Many people do not know the difference between sadness and the clinical depression found in psychiatric disorders, like those classified as Mood Disorders. They also do not have a clear idea about the difference between worry, fear and anxiety that rises to a level of clinical concern. They have even less of a clue whether the sadness they are feeling is a significant clinical problem, or just a feeling.
The main distinction is that clinical depression — or also in clinical ilevels of anxiety — these disorders are debilitating. True clinical disorders interfere with work or studies, often makes the social life of the patient and thier family miserable, and they usually come with unbelievably hard to take psychological pain. That is when psychologists call it names like clinical depression or Generalized Anxiety Disorder.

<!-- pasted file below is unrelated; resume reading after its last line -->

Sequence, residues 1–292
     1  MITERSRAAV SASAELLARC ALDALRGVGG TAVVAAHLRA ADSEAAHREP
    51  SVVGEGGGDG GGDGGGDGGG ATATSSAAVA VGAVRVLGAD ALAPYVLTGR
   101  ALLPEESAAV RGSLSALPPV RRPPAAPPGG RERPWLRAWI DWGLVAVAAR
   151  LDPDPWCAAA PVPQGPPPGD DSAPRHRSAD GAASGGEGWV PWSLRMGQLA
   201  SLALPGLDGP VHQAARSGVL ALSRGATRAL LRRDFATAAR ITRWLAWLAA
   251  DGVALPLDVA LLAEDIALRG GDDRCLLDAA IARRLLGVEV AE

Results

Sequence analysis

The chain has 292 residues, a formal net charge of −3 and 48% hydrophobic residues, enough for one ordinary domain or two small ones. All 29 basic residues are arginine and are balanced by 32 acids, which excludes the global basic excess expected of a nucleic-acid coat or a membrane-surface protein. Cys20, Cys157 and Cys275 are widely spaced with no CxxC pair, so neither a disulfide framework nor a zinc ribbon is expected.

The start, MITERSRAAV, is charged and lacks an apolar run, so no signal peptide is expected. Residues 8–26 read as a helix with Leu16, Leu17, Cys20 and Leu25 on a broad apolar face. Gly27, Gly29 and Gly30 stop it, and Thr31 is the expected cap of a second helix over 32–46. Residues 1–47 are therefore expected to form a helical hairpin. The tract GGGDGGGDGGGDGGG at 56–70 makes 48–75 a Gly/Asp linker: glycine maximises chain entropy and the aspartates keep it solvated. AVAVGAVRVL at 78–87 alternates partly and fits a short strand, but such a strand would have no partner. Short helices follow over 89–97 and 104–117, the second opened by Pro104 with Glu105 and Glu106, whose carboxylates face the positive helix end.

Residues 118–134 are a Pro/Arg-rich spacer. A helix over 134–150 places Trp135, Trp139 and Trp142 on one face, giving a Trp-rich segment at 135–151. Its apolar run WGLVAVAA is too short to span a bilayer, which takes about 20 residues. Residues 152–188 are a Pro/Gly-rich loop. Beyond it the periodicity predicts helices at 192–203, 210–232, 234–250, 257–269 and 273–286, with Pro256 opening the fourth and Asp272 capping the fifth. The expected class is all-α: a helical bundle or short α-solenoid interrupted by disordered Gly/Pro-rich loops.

This confusion can cause a lot of problems, with armchair psychologist-wannabes giving overly simple advice to friends and family. These patients, who have real clinical problems and not normal mood swings, likely need instead a professional consultation. Clinically anxious people are not worry worts, they are typically racked with dread and living on a roller coaster. Clinically depressed persons may stay in bed for days, or alternatively sleep too little, and have no interest in the things they used to enjoy.